Trump also gave $50,000 to another Obamacare architect, Rahm Emanuel — the former Obama White House chief of staff — for his campaign to become mayor of Chicago. He gave $5,500 to John Kerry and $7,000 to the late liberal icon of the Senate, Ted Kennedy (D-Mass.). Other Democrats who have benefited from Trump’s largesse include Sen. Charles Schumer (N.Y.), Sen. Frank Lautenberg (N.J.), Rep. Charlie Rangel (N.Y.) and Sen. Hillary Clinton (N.Y.). A major issue in the 2016 election will be allegations of corruption surrounding donations to the Clinton Foundation. But it will also be hard for Trump to make an issue of that since he gave at least $100,000 to the Clinton Foundation.
So, Trump was on the side that helped sow the seeds for Obamacare. That's great.
As for the celebrity bit, that’s certainly playing out. As I’ve said before, Trump has tapped into a general frustration with the current political climate. The Trumpmentum that began when the billionaire made illegal immigration a cornerstone of his campaign plays into the larger narrative of the abandonment of the rule of law that has occurred under the Obama administration. At the same time, both parties have been unable to do much on immigration, and the Republicans did mull extending subsides to Americans who signed up under the federal exchanges if they were gutted by the then-pending King v. Burwell decision. Not exactly a profile in courage.
Yet, again, Trump is an entertainer; an entertainer with penchant to switch positions if it means expanding his name recognition and brand. Maybe that’s fine in business, but it could come off as the work of a charlatan in politics, especially when he was once diametrically opposed to the very principles of the party (or the movement) he hopes to lead in the 2016 election.
Yes, Breitbart was a liberal. The grilling of Clarence Thomas by the Senate Judiciary Committee turned off Breitbart to what he described as his default liberal disposition. Yet, Mr. Breitbart never ran for office. He never gave thousands of dollars to Democrats. He was certainly never “cozy” with the Clintons like the Donald. There was no self-serving need to become pro-life, pro-Second Amendment, and anti-Obamacare. Breitbart simply moved away from the cesspool of the left on his own accord.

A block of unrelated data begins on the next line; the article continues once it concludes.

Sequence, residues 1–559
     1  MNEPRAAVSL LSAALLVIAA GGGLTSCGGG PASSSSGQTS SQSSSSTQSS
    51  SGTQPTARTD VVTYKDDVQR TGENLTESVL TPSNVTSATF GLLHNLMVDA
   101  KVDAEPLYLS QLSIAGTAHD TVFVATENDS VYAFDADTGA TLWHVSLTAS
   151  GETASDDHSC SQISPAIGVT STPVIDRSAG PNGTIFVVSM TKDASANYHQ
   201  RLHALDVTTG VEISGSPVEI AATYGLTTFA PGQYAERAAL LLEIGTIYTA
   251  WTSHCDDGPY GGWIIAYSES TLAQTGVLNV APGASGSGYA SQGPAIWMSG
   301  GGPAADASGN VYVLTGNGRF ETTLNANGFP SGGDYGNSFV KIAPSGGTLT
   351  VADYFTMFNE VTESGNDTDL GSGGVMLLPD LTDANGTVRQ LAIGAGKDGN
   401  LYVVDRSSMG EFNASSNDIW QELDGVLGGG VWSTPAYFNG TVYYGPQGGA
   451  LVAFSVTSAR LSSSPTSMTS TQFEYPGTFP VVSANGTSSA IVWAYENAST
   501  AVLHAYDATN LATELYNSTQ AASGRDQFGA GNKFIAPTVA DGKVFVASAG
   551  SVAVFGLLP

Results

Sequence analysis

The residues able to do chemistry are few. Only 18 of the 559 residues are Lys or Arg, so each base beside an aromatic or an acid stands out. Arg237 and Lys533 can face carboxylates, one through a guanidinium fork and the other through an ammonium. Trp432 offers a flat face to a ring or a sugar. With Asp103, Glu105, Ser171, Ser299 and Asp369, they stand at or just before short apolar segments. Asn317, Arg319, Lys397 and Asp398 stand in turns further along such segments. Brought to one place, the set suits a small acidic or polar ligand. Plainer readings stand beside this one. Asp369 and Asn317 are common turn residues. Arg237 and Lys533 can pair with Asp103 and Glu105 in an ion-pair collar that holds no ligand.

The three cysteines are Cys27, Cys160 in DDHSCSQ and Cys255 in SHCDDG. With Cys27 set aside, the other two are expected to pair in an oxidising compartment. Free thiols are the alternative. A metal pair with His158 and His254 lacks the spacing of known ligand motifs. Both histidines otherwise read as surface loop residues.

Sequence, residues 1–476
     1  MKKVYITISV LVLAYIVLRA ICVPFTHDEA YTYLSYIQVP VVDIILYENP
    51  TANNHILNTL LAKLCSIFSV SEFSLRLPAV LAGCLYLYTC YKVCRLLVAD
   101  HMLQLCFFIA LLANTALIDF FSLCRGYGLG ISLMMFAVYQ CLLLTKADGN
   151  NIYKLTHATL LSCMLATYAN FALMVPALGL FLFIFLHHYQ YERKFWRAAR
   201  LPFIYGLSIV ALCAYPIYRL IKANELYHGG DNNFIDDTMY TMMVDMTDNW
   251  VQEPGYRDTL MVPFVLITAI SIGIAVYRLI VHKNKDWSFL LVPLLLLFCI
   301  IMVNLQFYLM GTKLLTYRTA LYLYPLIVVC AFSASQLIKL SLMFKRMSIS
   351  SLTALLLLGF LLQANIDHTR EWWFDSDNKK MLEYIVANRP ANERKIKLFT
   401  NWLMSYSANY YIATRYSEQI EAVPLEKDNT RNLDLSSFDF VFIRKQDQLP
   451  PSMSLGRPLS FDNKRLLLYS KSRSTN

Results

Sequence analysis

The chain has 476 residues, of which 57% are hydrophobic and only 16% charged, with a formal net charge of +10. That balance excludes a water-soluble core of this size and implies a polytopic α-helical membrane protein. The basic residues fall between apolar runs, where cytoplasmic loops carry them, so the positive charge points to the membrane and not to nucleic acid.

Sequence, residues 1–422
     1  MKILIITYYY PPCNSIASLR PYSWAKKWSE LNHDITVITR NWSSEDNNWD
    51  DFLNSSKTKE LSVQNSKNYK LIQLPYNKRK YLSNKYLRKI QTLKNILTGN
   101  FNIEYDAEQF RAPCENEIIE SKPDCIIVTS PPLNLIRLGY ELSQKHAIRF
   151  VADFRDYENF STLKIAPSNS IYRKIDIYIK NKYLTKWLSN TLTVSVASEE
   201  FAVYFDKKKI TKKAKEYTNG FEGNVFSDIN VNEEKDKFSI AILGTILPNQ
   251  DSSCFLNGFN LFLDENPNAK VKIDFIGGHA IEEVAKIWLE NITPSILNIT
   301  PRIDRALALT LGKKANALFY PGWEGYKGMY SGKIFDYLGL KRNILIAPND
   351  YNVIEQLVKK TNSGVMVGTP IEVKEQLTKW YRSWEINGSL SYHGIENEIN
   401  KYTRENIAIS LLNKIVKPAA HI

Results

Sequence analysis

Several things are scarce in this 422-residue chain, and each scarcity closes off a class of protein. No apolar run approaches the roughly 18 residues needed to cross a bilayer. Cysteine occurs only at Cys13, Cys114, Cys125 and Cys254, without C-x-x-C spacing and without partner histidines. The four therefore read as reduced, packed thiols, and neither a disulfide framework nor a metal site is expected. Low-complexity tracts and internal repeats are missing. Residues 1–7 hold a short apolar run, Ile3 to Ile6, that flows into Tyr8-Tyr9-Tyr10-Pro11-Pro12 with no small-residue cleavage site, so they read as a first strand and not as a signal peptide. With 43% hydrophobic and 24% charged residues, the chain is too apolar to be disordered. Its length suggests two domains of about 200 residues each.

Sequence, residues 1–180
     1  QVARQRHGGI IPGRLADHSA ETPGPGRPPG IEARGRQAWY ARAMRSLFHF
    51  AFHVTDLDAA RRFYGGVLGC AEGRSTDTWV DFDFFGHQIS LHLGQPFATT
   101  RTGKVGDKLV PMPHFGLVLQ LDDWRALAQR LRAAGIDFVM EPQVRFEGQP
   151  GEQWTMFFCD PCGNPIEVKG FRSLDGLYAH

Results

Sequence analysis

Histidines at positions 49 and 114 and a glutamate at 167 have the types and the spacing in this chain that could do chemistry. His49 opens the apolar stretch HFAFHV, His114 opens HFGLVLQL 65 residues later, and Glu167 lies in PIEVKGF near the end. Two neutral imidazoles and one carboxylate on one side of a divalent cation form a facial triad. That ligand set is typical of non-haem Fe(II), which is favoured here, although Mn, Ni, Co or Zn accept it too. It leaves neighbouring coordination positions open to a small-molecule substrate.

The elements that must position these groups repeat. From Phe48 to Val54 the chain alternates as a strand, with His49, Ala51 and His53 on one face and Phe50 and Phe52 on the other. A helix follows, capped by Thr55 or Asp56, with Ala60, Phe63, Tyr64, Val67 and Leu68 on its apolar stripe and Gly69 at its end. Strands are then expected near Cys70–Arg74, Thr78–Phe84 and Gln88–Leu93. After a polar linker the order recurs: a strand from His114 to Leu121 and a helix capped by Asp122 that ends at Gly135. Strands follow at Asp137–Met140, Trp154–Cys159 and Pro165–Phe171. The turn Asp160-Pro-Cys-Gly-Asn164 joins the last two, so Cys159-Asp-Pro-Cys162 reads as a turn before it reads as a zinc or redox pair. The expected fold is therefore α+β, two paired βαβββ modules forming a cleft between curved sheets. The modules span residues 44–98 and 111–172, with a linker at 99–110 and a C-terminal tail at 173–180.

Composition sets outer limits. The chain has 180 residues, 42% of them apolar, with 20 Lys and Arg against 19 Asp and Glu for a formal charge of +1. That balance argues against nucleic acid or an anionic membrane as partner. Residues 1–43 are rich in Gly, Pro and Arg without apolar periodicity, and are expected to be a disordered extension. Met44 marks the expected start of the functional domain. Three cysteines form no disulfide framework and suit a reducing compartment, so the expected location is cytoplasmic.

As for Reagan, yes, he was a Democrat until 1962. The Democratic and Republican parties were very different than they are today (of course), and even Trump put Reagan in the crosshairs* when he wrote “The Art of the Deal” in 1987. Trump later came to “really like” Reagan when he decided to dabble again in national politics. In other words, when the time called for it.
When the time called for Reagan to explain his shift in views, specifically on abortion, he wrote a book about it. Trump just gave some “rambling interviews,” according to the Federalist.
The Donald visited Laredo, Texas for a tour of the southern border in his campaign to “Make America Great Again.” He wore a hat to make that absolutely clear, while hosting a press conference outside a women’s bathroom.
"People are saying, 'It's so dangerous, Mr. Trump!' But I have to do it." His hat says "Make America Great Again." pic.twitter.com/hYivElDNN6— Molly Ball (@mollyesque) July 23, 2015
At his final stop, he thanked the Border Patrol, but not before saying "This is about you, not about me" as he left the podium.
Trumpmentum will continue, and the Donald's supporters are reportedly hard to nail down concerning polling. I guess that's a plus if you're in that camp. The Fox News debate is on August 6; I'm sure it will be a highly entertaining event for everyone.
*Yes, the link is to a Think Progress piece, but even broken clocks are right twice a day.